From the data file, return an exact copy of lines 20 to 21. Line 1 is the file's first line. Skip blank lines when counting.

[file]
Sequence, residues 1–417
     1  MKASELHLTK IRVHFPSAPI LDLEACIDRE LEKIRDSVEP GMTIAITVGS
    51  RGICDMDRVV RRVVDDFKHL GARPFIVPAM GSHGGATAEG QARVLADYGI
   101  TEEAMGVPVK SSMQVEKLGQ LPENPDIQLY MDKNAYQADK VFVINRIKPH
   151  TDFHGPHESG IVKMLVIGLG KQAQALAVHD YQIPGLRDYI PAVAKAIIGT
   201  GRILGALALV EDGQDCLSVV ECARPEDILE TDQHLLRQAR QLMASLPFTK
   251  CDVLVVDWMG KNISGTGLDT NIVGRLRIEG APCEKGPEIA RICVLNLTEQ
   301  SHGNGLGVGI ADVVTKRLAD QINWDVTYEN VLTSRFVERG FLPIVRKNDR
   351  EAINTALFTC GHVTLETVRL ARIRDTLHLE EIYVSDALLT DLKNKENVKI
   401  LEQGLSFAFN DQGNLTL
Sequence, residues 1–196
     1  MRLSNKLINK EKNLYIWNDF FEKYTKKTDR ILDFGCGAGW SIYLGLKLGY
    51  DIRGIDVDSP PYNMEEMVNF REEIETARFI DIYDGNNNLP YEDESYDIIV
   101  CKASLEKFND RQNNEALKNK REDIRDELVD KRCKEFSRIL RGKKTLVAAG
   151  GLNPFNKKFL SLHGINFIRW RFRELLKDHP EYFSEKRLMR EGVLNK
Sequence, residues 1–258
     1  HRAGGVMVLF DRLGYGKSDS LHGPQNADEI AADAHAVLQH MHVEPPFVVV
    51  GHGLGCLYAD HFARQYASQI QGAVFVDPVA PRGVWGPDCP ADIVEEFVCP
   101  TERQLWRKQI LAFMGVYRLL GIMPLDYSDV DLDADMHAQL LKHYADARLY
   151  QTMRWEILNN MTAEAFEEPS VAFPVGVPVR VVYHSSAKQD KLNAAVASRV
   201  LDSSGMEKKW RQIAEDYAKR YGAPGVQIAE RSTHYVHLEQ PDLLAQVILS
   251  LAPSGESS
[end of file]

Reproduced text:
   151  QTMRWEILNN MTAEAFEEPS VAFPVGVPVR VVYHSSAKQD KLNAAVASRV
   201  LDSSGMEKKW RQIAEDYAKR YGAPGVQIAE RSTHYVHLEQ PDLLAQVILS